“Who’s keeping an eye on us right now?” I asked the Valley Cities’ staff while standing in front of their building on the corner of Rainier Avenue and Cloverdale. The group scanned all four corners. The New Star Mini Mart was fenced off in preparation for new construction, ATS High School (formerly South Lake) in the distance behind a row of tree and the cars in their parking lot, a boarded up building on the NW corner and Medhane-Alem Evangelical Church behind it with small translucent stained glass windows, and Valley Cities with the blinds understandably drawn to protect the privacy of their clients.
“No one’s keeping an eye on us” the staffers responded.
“That’s right. There is almost no visibility on this corner, especially at night; and seeing other people is part of what makes us feel safe.”
RBAC recently conducted neighborhood safety assessments at two Rainier Beach organizations – Valley Cities, which offers mental health services to the community, and Kaju Fit Club, which offers martial arts classes for young people. Neighborhood safety assessments are one of the resources RBAC offers to organizations in the neighborhood.
During a neighborhood safety assessment, we walk through a building and around the exterior considering the space from a public safety perspective. Can people see one another when looking in and out of this space? What does this space communicate about what’s okay and not okay to do here? Is it clear for others how to use this space? What’s preventing people from going into places they’re not supposed to go? These are some of the questions we consider as we conduct our site assessment and offer ideas.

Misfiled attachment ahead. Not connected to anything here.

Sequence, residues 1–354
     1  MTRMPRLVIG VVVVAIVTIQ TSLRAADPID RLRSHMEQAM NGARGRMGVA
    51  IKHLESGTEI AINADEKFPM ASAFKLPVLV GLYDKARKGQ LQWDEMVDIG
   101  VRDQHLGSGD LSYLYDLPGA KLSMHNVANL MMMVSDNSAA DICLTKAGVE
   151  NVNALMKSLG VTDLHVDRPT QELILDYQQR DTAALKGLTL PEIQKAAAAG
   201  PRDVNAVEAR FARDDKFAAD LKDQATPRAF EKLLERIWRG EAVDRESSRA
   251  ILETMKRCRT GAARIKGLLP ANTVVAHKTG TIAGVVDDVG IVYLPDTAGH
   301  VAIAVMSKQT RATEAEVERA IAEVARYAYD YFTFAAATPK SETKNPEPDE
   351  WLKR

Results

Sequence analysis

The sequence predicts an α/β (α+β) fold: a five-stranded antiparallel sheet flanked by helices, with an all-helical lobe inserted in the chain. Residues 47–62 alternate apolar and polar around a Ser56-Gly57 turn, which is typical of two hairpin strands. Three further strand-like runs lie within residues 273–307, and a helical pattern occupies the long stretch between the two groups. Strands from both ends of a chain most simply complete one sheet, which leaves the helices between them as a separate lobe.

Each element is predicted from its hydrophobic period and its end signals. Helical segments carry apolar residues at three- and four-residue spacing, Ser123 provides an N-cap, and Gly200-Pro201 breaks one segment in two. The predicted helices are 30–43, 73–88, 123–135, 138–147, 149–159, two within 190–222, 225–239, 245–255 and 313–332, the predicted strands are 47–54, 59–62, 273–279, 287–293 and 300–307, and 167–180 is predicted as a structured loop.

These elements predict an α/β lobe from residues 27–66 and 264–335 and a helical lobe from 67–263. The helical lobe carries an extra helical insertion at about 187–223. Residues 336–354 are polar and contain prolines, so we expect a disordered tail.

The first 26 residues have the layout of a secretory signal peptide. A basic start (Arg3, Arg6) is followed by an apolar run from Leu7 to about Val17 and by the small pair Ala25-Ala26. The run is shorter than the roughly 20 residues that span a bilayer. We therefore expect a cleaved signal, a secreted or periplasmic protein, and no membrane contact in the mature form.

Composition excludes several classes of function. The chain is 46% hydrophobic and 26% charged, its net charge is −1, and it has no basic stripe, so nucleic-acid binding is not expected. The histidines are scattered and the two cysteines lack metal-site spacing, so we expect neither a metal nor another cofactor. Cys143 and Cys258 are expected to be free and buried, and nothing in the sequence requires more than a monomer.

“Would you be open to having the Corner Greeters set up on your corner?” I asked the Valley Cities staff. “They could set up a tent, some tables and chairs right here. It would definitely solve this corner’s visibility problem. Plus, they’d beautify the space, there’d be some activities going on, and there’d be food and resources available for the community. Your team could join us and provide resources too!”
At the end of the day, our goal during these assessments is not to give these organizations a public safety grade or a laundry list of things they should change. Our goals are to teach the concepts of creating safe neighborhood spaces, and to connect people with resources and neighborhood partners who can help.
We are now scheduling free safety assessments for Rainier Beach organizations. To schedule an assessment, email firstname.lastname@example.org. Our team will come by for an hour, teach some principles of creating safe spaces while walking through your space, and connect you with neighborhood resources who can help. You’ll get a free ‘Be Safe, Be Respectful, Be Responsible’ sign too! Don’t delay.